Jan 09, 2013, 06:32 PM
Whatever bro.. 100 feet from the beach is nothing in a big storm. Remember that was attached to wood that was floating at the time. A couple feet down is not uncommon at all. I'm from the "treasure coast" in Florida... I know what I'm saying. Make it whatever you want. It's probably off limits Partly because it's a shipwreck site.
Last edited by GatorBoy; Jan 09, 2013 at 06:47 PM.
Jan 09, 2013, 06:35 PM
Originally Posted by jamey
Jan 09, 2013, 06:48 PM
Here's a thought.... put salt on it and let it sit out in the Sun. it should turn to gold.
Just kidding with you man.. good luck.
Jan 09, 2013, 08:04 PM
Until proved otherwise i'll regard these artifacts non-indian . The spike piece looks more modern than ancient and dose'nt look related to copper culture - to me anyway.
Jan 10, 2013, 01:00 PM
the spike was not with the copper, but it is old and is hand pounded, my guess 1700's.
Originally Posted by wells
Jan 10, 2013, 01:05 PM
Last edited by hmmm; Jan 10, 2013 at 01:07 PM.
Jan 10, 2013, 01:16 PM
Go ahead and believe you have Native American body armor. If you don't want to use logic I'm done with this conversation. Me stating that I am from the Treasure Coast is me trying to tell you there are thousands of shipwrecks just minutes from my house up and down the East Coast of Florida. I have seen what you have there many many times. If you would rather picture a Native American Running around in copper sheeting More power to you. You would do very little laughing If you actually did some shipwreck research. You obviously have little understanding. Furthermore... one of the first things shipwreck survivors did was salvage as much as they could from the wreck including wood and metal objects that could be used to build a shelter and headed in away from the shoreline. Shipwreck items have been found a very long way from the wreck site. I'm also willing to bet the shoreline has changed quite a bit from the time of that wreck.
Last edited by GatorBoy; Jan 10, 2013 at 01:21 PM.
Jan 10, 2013, 01:21 PM
you clearly have ship son the brain, so this works for me.
Originally Posted by GatorBoy
Jan 10, 2013, 02:25 PM
Just like the sheathing.
Originally Posted by hmmm
Jan 10, 2013, 02:39 PM
Jan 10, 2013, 03:01 PM
In defense of HMMM....I know the type of beaches and terrain he is talking about. His beaches are not sandy but rocky and the trees come right down to the edge of the beach. 100 feet back, where HMMM is also means steep slope and 30 foot vertical embankments. These islands don't get tidal surges they way the Gulf does. These are smaller steeper islands than Florida and storms break around them not over them.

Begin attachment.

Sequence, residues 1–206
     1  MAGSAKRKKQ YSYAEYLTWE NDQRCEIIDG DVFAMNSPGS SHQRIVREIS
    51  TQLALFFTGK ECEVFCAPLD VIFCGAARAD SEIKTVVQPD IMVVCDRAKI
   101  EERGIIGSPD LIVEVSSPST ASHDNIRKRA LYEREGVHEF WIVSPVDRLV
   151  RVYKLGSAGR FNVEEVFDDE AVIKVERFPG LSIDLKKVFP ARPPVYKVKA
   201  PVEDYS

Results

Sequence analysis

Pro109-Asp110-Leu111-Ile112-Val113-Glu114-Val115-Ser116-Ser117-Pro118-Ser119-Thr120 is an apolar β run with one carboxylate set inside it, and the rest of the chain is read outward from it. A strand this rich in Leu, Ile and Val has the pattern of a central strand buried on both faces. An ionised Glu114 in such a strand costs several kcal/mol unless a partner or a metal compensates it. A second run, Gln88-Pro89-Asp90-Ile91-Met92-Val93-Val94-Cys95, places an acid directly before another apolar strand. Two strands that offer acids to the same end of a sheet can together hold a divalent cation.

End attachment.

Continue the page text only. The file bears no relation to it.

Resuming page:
like I said before....woven cedar....ships spike hand pounded into a blade....and coveted ships copper sheathing hidden for later. You might be into a burial site too as it sounds like your island may not have been a village site. Is this a Cowichan...Kwakiutl....Gwa'sala?...do you know the tribal affiliation?...that could help.
Jan 10, 2013, 05:58 PM
Here are items from the wreck of the SS Atlantic recovered from the island of Saint Paul. in Nova Scotia. the SS Atlantic was an old ship when she went down in 1873. Take a close look at the cross re covered with these items. It matches yours to a T. Yours also happens to have the stone...which is rose cut amethyst... a Hallmark of the 19th century.
Last edited by GatorBoy; Jan 13, 2013 at 12:00 PM.
Jan 10, 2013, 06:02 PM
Jan 10, 2013, 06:26 PM
Glad I could help. Like you said at the opening of this thread...." possibly connected to a seafaring people"
Jan 10, 2013, 07:00 PM
I live on the east coast and recently found some pictures of the beaches near my house taken in 1913. There are areas in these photos where there is literally 100 ft. of land now that wasn't there 100 years ago. I almost couldn't believe it, but the photos don't lie. I showed them to a guy I know who has property near where they were taken and he told me he's been gaining about 1' of land per year since he's owned it.
Originally Posted by hmmm
Growing up here, in a fishing/shipping community I have seen plenty of pieces of copper exactly like yours sitting in peoples houses or in old fishing shacks. I have a friend who is a shipwreck hunter and he has pieces exactly like yours.
One last thing, when I was a kid, I had a 13 foot scalloping skiff with a small Johnson outboard on it. Hurricane Gloria, which was a fairly minor hurricane, hit and my boat ended up about 40 feet into the brush on the side of the pond where I kept it. This wasn't even on the ocean but in a sheltered cove on a pond. My dad had to get a couple friends and use rollers to get it back in the water. I have no doubt that a serious storm could move just about anything 100ft.
It's still a very cool find but I have to agree that it's from a ship.
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